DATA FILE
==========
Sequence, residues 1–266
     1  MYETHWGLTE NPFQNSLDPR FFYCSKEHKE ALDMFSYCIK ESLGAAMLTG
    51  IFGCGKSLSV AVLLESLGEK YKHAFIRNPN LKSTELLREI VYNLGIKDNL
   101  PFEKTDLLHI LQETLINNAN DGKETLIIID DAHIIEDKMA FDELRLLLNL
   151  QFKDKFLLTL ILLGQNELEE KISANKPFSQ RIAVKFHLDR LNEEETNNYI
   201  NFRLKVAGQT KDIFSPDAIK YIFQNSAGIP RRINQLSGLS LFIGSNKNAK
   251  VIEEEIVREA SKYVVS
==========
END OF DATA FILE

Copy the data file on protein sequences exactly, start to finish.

Sequence, residues 1–266
     1  MYETHWGLTE NPFQNSLDPR FFYCSKEHKE ALDMFSYCIK ESLGAAMLTG
    51  IFGCGKSLSV AVLLESLGEK YKHAFIRNPN LKSTELLREI VYNLGIKDNL
   101  PFEKTDLLHI LQETLINNAN DGKETLIIID DAHIIEDKMA FDELRLLLNL
   151  QFKDKFLLTL ILLGQNELEE KISANKPFSQ RIAVKFHLDR LNEEETNNYI
   201  NFRLKVAGQT KDIFSPDAIK YIFQNSAGIP RRINQLSGLS LFIGSNKNAK
   251  VIEEEIVREA SKYVVS